By Harim Peiris –
Sacking a CJ with minimal domestic political fuss or costs
Hats off to the Rajapaksa regime, the Machiavelli of Medamulane has pulled it off. Sacking a Chief Justice and getting away with it is no easy task and few governments succeed. The Fijian generals who periodically overthrow that tortured nation’s democratic governments usually follow up by sacking judges, Mugabe’s Zimbabwe has found it necessary to curb an independent judiciary, the list is not long. Now Sri Lanka joins this group, where the government has successfully got rid of a Chief Justice who became in a very limited manner, an inconvenient obstacle to the executive’s wishes.
The effort was not without its nay Sayers. The Sunday Times of 20th January in its political column perhaps best sums up the concerns of those opposed to the impeachment when it states “The week’s historic events (almost) close the chapter on one of the darkest periods in Sri Lankan politics. The force of the police and the security forces, the new weapons they have acquired to fight a terrorist enemy now no more, have been used to keep away a Chief Justice from walking into her own office, not to sit and work but to take away her personal belongings. For the same reason, hired goons have taken to clubs, poles and knuckle dusters. The same lethal force has been used to ensconce a new Chief Justice. Those who used their democratic right to express dissenting views and help throw light on gross injustice have become terrorists and traitors. They face intimidation and death threats. A judiciary has been silenced. A new dark chapter begins now. If one is not deaf or dumb the need to desist saying anything that displeases the ruling establishment, is the message. Otherwise it would be invitation to disaster. That is Sri Lanka today, once a tranquil paradise isle and now the land of the might”.
Internationally the Sri Lankan government’s hasty and rash assault on the judiciary has gone down very badly. The expressions of concerns and in fact even calls to reinstate Chief Justice Bandaranayake came from a host of nations and internationals actors including the US, UK, Canada, the UN and the Commonwealth. Canada has already referred Sri Lanka to the Ministerial Action Group (MAG) of the Commonwealth, which will now have to examine the issue, casting a serious shadow over Sri Lanka’s hosting of the CHOGAM later this year. Further at the UNHRC in March, a review on the resolution calling on Sri Lanka to implement the LLRC recommendations is due and the country’s already weak record of implementing the LLRC recommendations would be compounded by what is seen internationally as an undemocratic and authoritarian assault on the judiciary, unhelpful to and running counter to national reconciliation.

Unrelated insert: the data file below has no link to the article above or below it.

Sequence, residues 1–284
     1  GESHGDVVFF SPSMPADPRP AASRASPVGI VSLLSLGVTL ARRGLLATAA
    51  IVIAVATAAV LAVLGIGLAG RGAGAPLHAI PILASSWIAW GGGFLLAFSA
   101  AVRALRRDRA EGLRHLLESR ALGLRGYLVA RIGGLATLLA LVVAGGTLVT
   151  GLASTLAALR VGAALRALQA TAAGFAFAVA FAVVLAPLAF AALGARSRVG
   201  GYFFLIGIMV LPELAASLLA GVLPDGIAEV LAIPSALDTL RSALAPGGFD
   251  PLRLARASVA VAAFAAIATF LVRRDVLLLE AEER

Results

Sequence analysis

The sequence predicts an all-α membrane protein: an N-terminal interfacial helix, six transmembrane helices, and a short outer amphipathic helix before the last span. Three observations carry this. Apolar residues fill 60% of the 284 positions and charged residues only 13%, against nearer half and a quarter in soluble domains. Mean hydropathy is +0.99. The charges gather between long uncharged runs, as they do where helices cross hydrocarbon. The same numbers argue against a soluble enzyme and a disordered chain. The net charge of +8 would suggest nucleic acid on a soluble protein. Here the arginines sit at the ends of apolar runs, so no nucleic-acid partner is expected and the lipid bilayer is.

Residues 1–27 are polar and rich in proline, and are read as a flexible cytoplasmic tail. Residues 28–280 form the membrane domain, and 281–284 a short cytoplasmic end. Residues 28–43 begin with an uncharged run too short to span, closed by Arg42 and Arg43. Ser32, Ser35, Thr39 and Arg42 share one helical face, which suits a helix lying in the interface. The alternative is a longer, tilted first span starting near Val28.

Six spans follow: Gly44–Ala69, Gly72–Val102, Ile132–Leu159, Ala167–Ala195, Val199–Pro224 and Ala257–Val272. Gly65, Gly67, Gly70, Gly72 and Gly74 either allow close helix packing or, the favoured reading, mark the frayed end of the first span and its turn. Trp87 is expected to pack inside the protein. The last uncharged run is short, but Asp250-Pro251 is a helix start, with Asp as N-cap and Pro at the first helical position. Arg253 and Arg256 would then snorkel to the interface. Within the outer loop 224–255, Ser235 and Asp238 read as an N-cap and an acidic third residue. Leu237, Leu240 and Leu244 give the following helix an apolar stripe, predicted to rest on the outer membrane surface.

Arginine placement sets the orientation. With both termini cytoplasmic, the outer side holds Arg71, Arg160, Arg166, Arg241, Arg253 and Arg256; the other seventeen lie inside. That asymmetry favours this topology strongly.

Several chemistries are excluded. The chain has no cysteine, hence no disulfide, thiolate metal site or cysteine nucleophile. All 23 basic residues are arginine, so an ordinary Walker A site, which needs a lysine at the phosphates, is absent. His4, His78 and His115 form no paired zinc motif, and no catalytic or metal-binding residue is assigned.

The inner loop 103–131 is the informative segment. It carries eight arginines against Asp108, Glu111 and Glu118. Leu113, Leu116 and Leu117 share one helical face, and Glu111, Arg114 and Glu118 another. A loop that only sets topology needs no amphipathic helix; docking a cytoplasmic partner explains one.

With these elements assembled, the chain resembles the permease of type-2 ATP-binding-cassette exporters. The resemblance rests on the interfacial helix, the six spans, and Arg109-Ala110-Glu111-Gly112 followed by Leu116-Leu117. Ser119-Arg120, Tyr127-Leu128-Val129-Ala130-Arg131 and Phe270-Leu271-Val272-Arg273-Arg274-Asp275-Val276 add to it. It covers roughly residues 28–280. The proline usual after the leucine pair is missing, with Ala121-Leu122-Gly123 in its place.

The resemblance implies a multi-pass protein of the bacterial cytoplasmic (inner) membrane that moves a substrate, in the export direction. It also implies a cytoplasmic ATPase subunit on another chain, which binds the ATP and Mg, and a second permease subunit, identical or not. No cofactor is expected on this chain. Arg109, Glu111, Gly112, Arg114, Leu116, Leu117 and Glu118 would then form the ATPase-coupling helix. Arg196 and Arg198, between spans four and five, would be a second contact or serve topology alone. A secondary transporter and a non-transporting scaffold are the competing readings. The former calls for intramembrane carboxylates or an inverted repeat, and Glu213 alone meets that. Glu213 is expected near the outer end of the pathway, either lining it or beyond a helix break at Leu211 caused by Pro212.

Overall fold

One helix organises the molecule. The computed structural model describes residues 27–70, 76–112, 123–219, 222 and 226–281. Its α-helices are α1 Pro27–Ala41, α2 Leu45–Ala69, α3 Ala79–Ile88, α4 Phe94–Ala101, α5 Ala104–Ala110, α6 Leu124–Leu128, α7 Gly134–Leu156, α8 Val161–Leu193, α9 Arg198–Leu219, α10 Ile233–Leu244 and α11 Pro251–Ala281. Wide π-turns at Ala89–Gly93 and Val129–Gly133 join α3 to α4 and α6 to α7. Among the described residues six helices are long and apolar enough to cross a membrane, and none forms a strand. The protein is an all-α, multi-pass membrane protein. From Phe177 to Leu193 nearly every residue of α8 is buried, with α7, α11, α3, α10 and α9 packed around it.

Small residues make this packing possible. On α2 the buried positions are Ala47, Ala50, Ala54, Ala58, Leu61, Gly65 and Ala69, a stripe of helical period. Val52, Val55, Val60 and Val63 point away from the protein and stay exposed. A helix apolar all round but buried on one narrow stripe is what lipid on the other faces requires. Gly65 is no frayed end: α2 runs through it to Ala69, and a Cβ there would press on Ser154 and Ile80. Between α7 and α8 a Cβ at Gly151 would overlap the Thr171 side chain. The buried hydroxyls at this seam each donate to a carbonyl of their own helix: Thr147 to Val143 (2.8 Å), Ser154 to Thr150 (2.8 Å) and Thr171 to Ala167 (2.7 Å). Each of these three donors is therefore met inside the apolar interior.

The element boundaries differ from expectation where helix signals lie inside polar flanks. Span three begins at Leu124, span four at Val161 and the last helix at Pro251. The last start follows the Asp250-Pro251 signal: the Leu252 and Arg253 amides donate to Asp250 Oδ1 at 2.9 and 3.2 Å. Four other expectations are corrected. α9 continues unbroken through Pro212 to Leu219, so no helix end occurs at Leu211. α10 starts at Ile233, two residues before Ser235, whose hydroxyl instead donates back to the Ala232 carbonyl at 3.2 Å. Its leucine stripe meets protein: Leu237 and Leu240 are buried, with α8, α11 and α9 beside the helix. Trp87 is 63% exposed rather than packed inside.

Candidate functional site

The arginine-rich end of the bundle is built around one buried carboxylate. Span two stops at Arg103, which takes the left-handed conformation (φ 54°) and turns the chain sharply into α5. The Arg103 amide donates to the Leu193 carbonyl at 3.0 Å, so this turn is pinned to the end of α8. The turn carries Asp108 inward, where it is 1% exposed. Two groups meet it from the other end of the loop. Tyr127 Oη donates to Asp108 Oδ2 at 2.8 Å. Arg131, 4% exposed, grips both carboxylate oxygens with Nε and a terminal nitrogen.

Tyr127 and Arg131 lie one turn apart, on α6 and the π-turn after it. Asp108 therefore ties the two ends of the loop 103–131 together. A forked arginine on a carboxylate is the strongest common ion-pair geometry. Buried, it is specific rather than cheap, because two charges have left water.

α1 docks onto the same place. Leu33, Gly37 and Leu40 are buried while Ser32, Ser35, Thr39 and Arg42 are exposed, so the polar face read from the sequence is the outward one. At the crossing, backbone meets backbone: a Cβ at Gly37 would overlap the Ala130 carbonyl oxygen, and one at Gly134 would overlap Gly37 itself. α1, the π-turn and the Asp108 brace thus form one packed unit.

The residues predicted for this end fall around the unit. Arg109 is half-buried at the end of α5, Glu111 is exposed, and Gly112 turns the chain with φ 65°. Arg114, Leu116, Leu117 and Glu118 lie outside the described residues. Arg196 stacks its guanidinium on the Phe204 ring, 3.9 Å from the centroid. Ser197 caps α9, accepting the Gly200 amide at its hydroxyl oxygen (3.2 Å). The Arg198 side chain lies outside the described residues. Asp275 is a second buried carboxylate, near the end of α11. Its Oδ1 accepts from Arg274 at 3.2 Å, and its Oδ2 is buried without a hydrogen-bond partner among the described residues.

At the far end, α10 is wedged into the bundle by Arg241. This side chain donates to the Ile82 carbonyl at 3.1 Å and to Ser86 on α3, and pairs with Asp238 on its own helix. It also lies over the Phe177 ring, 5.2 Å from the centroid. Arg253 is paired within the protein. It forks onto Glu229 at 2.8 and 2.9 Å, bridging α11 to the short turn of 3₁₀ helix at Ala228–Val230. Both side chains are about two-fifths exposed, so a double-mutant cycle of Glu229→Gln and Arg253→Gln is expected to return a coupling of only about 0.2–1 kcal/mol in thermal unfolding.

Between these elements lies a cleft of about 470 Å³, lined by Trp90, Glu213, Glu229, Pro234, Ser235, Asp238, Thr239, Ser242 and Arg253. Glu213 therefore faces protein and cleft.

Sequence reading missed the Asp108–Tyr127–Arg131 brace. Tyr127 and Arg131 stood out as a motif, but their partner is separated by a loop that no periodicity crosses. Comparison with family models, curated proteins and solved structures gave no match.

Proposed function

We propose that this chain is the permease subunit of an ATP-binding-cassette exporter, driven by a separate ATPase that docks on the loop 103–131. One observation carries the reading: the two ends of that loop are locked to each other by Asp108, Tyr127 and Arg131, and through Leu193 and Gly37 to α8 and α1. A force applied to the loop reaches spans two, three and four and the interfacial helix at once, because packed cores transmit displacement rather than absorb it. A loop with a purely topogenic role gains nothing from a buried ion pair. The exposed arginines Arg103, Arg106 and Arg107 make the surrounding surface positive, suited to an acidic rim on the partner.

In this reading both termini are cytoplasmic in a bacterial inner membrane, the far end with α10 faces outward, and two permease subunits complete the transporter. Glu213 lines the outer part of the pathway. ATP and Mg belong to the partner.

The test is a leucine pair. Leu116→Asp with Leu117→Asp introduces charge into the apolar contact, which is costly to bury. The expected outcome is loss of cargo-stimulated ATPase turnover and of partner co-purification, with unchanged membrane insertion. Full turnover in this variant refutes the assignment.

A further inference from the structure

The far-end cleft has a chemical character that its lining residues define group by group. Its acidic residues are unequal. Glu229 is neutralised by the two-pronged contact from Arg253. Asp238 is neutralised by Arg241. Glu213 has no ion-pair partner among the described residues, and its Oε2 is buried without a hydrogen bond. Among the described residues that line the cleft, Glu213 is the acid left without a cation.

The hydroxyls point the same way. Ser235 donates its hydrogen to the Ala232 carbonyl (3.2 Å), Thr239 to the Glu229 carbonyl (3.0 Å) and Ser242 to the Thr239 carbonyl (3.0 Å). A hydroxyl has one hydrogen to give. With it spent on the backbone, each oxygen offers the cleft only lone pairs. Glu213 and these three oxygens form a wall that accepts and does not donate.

But the Rajapaksa regime primarily focuses not just on the domestic Sri Lankan polity but on its own key constituency of the Southern Sinhala base and here it succeeded in wrapping the impeachment debate in the garb of good governance, financial and moral integrity and succeeded in sacking the CJ with its constituency basically holding. Though a few cracks and chinks in the armour appeared. The traditional left parties, the CP and LSSP finally demonstrated some political backbone and publicly opposed and then at least abstained from the impeachment vote as did the Liberal Party’s lone national list MP, the maverick Professor Rajiva Wijesinghe. More publicly influential, the senior most religious leaders in the country, the venerable Maha Nayake Theros of the four main Nikaya’s, all unanimously requested the President to desist from impeaching the CJ. So did the Catholic Bishops Conference and the National Christian Council. These requests were ignored.
The real rabbit the Regime pulled out of its hat though was the basic acquiescence of the main opposition party the UNP. Disunited to the point of impotency and lacking the political confidence to take on the government, the UNP have become bystanders and observers of political developments in Sri Lanka, completely unwilling and unable to be a check and balance on the government’s uses and abuses of power. Impeaching the Chief Justice being a good case in point. The Rajapaksa regime does back off from political pressure from the Sinhala polity. The private pension plan with EPF funds, private universities as an alternative to adequate funding for the state universities all resulted in the government backing off with the Free Trade Zone worker strike and the FUTA strike. In all instances the UNP were bystanders of serious antigovernment protests. One almost suspects that the UNP leader, now himself ensconced in that position for six more long years, is convinced that being the sole alternative to the sole representative of the Sinhala people, is all that is required to win power in a future election in some distant date when this government will collapse under its own weight, which is really pretty wishful thinking. Probably without the UNP’s tacit support the impeachment would not have succeeded. The Bar Association of Sri Lanka offered token resistance. The chief contribution of its President, UNP MP Wijeydasa Rajapakshe, was similar to that of his party leader and successfully dampened the sheer outrage of its membership to a mere protesting whimper.
Pakistan with none of the democratic credentials, traditions and history showed how a polity should respond when Chief Justice Chowdry was impeached. The Courts shut down, judges refused to work, the political opposition organised protests and the impeachment was unsuccessful. Sri Lanka is almost back to business as usual, then and now, except there is nothing usual in a politicized judiciary. Especially when placed on top of a politicized bureaucracy and a politicized police force.